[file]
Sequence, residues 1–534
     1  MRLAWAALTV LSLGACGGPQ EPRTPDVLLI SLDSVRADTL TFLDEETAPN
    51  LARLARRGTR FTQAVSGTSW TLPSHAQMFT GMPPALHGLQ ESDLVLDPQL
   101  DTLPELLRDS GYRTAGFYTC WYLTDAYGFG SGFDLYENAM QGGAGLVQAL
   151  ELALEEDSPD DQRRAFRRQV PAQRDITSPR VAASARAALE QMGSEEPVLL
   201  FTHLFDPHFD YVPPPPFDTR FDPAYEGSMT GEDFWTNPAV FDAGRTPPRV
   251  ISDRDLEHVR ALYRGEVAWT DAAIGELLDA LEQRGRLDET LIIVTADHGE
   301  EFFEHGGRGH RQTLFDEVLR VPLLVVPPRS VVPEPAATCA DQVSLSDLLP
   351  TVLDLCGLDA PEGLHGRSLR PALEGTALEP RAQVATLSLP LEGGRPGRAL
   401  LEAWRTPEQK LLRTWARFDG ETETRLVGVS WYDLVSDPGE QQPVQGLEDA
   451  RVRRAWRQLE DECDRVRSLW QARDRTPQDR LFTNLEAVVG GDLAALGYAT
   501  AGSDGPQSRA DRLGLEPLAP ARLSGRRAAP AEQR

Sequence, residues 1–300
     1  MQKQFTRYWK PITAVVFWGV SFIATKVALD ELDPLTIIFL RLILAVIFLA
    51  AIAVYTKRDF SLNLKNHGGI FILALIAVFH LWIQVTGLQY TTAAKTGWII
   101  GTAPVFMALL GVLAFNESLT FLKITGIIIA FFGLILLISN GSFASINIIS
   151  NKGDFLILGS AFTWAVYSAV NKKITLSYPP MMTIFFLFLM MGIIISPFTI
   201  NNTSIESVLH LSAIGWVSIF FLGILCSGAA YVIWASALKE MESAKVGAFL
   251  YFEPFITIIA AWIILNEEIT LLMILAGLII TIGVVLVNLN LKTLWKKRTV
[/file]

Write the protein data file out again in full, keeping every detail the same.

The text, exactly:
Sequence, residues 1–534
     1  MRLAWAALTV LSLGACGGPQ EPRTPDVLLI SLDSVRADTL TFLDEETAPN
    51  LARLARRGTR FTQAVSGTSW TLPSHAQMFT GMPPALHGLQ ESDLVLDPQL
   101  DTLPELLRDS GYRTAGFYTC WYLTDAYGFG SGFDLYENAM QGGAGLVQAL
   151  ELALEEDSPD DQRRAFRRQV PAQRDITSPR VAASARAALE QMGSEEPVLL
   201  FTHLFDPHFD YVPPPPFDTR FDPAYEGSMT GEDFWTNPAV FDAGRTPPRV
   251  ISDRDLEHVR ALYRGEVAWT DAAIGELLDA LEQRGRLDET LIIVTADHGE
   301  EFFEHGGRGH RQTLFDEVLR VPLLVVPPRS VVPEPAATCA DQVSLSDLLP
   351  TVLDLCGLDA PEGLHGRSLR PALEGTALEP RAQVATLSLP LEGGRPGRAL
   401  LEAWRTPEQK LLRTWARFDG ETETRLVGVS WYDLVSDPGE QQPVQGLEDA
   451  RVRRAWRQLE DECDRVRSLW QARDRTPQDR LFTNLEAVVG GDLAALGYAT
   501  AGSDGPQSRA DRLGLEPLAP ARLSGRRAAP AEQR

Sequence, residues 1–300
     1  MQKQFTRYWK PITAVVFWGV SFIATKVALD ELDPLTIIFL RLILAVIFLA
    51  AIAVYTKRDF SLNLKNHGGI FILALIAVFH LWIQVTGLQY TTAAKTGWII
   101  GTAPVFMALL GVLAFNESLT FLKITGIIIA FFGLILLISN GSFASINIIS
   151  NKGDFLILGS AFTWAVYSAV NKKITLSYPP MMTIFFLFLM MGIIISPFTI
   201  NNTSIESVLH LSAIGWVSIF FLGILCSGAA YVIWASALKE MESAKVGAFL
   251  YFEPFITIIA AWIILNEEIT LLMILAGLII TIGVVLVNLN LKTLWKKRTV